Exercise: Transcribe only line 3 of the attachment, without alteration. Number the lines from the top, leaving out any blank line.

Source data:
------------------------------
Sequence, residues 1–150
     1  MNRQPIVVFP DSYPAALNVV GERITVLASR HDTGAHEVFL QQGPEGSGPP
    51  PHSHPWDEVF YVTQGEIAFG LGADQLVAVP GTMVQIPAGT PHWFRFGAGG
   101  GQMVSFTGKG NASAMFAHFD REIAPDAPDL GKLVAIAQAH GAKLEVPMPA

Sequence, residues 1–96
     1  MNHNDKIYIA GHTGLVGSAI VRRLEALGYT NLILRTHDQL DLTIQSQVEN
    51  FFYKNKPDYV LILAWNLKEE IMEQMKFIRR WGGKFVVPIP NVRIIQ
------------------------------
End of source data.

    51  PHSHPWDEVF YVTQGEIAFG LGADQLVAVP GTMVQIPAGT PHWFRFGAGG